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Does My Cat Have Enough Space?

While we recommend keeping your cat indoors, many people feel that their cat simply doesn’t have the space to be happy inside. Nobody wants a kitty with cabin fever! Fortunately, there are lots of solutions for the concerned cat slave.

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While we recommend keeping your cat indoors, many people feel that their cat simply doesn’t have the space to be happy inside. Nobody wants a kitty with cabin fever! Fortunately, there are lots of solutions for the concerned cat slave.

 

How much space does my cat actually need?

First of all, a confession – nobody actually knows how much space your cat needs. Popular advice like ‘don’t have more cats than bedrooms’ or specific formulas (ranging from 10 to 50 square metres per cat) don’t really apply across the board. Ultimately, the amount of space that will keep them happy depends on a few factors:

  • Breed – an active cat like the Siamese will generally demand a lot more space than the sleepy Persian. Consult our ultimate breed list to check on the activity levels of your desired breed. More active breeds will need more space.
  • Personality – your cat’s breed is a decent predictor of personality, but that’s all it is: a predictor. As you’ll have learned, your cat is a unique snowflake, and even the usually energetic Bengal sometimes ends up living a life of Garfield-level lethargy.
  • Age – most kittens are little Energiser bunnies, while older cats may be more content sleeping on your bed, receiving the occasional cuddle and reading (or shredding) the newspaper. Adolescent cats are actually most demanding, as their size and energy can make them a real handful.
  • Relationships – if you have multiple cats, their relationship will determine how much space you need to give. Are they lifelong friends who sleep, play and cuddle together? Great! They’ll be happy sharing territory. Are they sworn enemies, engaged in a Shakespearean blood-feud? Well, you probably have some work to do.
  • Routine – a cat that has spent its entire life in a tiny space with no stress is perfectly happy to continue, whereas an outside cat suddenly restrained indoors may grow restless and depressed. A secure cat enclosure is a terrific compromise for getting your outside cat used to living inside with the family.  

As elusive as they might seem, with some guidance your cat is actually pretty easy to read. If it seems stressed – is overeating, overgrooming, or in constant hiding – a lack of space might be the reason.

 

How do I create more space for my cat?

The best way is to do exactly that – provide more space! We suggest buying an outdoor cat enclosure to let your cat lounge, play and climb in a secure, private environment. You’ll find your cat enjoys the expanded territory and autonomy an enclosure gives it. Stock it with plenty of toys and treats for bonus paw points. The RSPCA prefers a cat enclosure to free roaming as a wandering cat is exposed to numerous, potentially fatal risks like cars, disease, dogs and people.

If, however, an outdoor enclosure is not an option, don’t despair, there are other ways to expand your cat’s territory. The first thing to understand is the difference between ‘real’ space and cat space. Real space is the boring, grey world that we inhabit. Cat space is the magical world our feline friends live in. Although access to cat space is, unfortunately, forbidden to humans, with a little work we cat allies can significantly expand its boundaries.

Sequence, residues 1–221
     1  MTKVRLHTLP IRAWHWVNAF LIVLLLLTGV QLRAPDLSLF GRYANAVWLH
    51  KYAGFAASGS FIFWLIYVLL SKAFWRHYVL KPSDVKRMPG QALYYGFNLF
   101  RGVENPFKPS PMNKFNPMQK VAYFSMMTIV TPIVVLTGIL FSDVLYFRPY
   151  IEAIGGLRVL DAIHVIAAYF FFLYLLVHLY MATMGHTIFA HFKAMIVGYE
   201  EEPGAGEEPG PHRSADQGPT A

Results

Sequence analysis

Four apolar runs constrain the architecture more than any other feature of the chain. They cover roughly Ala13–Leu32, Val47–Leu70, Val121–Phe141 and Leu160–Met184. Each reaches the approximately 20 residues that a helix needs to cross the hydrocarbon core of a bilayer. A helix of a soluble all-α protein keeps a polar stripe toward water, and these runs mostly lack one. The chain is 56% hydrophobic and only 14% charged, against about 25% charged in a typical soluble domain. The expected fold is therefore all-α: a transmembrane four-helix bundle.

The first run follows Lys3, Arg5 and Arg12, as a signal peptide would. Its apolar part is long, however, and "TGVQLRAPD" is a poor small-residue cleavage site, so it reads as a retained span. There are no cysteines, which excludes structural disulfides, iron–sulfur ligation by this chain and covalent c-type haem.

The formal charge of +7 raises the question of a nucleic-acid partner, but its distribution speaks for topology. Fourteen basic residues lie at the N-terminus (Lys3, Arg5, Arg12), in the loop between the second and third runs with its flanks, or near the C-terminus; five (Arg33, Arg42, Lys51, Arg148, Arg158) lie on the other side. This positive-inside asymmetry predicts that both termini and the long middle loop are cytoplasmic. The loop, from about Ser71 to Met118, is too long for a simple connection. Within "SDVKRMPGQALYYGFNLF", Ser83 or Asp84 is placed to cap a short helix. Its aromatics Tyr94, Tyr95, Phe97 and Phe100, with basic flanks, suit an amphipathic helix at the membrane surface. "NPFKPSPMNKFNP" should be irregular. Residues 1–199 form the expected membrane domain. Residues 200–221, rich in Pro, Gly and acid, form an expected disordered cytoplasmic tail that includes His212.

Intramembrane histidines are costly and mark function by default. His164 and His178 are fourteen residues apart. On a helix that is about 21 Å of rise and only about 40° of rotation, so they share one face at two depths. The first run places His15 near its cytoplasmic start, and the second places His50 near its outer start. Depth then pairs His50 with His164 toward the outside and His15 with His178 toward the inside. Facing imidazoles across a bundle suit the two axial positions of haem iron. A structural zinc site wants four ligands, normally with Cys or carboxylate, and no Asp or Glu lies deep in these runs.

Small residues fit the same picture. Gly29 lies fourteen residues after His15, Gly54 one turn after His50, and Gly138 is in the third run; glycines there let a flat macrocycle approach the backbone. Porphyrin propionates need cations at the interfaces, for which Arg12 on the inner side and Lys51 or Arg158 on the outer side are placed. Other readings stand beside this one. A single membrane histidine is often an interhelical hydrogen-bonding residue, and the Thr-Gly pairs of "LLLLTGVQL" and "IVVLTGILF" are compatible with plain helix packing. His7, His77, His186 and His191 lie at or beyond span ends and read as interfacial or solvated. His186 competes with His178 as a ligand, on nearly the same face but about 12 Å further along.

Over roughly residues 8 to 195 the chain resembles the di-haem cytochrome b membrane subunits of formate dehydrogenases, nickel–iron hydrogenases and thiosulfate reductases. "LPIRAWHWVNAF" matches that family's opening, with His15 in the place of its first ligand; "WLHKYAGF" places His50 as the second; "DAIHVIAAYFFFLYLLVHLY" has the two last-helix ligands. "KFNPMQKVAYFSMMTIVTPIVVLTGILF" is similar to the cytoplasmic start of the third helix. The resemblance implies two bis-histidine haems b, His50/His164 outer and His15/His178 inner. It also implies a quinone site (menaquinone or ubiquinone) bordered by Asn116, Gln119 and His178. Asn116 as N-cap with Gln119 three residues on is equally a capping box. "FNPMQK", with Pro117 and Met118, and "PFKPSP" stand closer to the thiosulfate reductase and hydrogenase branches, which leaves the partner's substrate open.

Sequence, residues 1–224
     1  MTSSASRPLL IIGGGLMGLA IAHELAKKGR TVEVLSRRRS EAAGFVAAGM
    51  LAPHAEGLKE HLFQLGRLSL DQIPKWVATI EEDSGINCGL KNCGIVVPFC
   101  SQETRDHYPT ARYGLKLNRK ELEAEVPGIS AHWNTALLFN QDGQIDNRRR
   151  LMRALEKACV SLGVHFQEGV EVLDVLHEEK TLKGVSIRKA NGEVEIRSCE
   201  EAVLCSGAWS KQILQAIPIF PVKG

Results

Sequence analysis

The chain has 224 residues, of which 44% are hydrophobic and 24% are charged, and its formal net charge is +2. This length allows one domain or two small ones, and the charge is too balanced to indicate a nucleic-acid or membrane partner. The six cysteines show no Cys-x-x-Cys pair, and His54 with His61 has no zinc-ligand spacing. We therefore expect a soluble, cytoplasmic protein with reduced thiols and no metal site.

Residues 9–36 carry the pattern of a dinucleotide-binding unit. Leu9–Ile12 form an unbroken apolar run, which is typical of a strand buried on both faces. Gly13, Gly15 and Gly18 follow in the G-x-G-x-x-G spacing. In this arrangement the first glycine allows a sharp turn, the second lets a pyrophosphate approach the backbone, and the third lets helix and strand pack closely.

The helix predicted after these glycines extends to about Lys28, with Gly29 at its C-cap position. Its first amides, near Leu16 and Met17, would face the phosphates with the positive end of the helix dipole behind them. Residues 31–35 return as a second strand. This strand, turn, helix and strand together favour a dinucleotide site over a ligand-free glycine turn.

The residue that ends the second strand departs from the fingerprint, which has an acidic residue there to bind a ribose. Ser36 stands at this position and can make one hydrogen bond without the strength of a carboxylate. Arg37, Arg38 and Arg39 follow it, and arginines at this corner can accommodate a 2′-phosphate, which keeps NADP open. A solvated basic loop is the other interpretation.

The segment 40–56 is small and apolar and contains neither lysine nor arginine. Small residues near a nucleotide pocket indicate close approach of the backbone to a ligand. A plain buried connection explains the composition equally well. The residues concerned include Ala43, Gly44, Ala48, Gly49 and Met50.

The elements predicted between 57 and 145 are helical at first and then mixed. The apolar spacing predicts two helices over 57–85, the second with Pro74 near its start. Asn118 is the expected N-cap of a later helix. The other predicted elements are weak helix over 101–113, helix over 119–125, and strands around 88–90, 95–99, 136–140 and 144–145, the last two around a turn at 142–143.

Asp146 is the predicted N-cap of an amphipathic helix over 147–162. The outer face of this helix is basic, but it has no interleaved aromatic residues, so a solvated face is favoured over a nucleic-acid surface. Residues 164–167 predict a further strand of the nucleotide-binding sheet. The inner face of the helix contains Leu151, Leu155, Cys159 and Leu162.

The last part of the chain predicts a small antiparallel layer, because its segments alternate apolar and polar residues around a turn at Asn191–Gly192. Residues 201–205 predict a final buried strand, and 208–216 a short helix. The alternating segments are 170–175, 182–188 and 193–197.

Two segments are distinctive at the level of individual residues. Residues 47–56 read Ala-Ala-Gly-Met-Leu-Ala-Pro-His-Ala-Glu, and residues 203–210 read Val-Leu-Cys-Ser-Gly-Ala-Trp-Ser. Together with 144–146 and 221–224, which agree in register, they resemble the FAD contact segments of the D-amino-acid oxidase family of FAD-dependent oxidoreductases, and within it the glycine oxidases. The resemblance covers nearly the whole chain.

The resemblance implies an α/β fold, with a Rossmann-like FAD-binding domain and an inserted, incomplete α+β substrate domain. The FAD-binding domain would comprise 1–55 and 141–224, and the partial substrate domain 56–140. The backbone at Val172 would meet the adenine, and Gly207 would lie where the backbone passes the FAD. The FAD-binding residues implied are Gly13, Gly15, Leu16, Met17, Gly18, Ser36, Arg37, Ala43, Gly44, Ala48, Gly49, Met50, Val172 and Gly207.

cat in vertical cat run of meow manor cat enclosure

 

  • Vertical space

Look up! What do you see? Reach out and touch it, if you like, but don’t get too comfortable. That, ladies and gentlemen, is part cat space. And you can help your cat stake its rightful claim by building plenty of access points. Cat trees, be they free-standing or door-mounted, are an excellent option. Improvised solutions, like shelving and pathways to tall furniture, can also work, provided you give due attention to making them safe for your furry friend.

 

close up cat face

 

  • Open space

Humans love wide, open spaces. Cats, on the other hand are much more comfortable in smaller spaces, and their territory depends to how easy it is to guard a space, not how large it actually is. No wonder kitty loves that cardboard box! If you have an open living space, consider introducing more hiding spaces for your cat to inhabit – put skirts around the bottom of your bed, for instance, and it instantly becomes as good as a brand new room to your flexible feline overlord.

On the flip side, it’s important that your cat has plenty of turning space in its litter box for doing its… business.

 

cat playing with suspension cat toy

 

  • Entertainment

Cat space extends outside of the real world and into your cat’s imagination. An active, engaged kitty doesn’t really care about your square footage. Make sure your cat has tonnes of toys and plenty of play. Also, all cats scratch, so remember to provide a scratching post before your favourite furniture takes its place. Finally, cats enjoy lounging with a view, as long as there is something interesting going on. Setting up a bed or a blanket near a window goes a long way.

 

If possible, however, you’ll find your cat gets much more pleasure out of an enclosure or run – cat space that it doesn’t have to share with bothersome humans. If you’re interested in purchasing a quality outdoor enclosure, check out our great range here.

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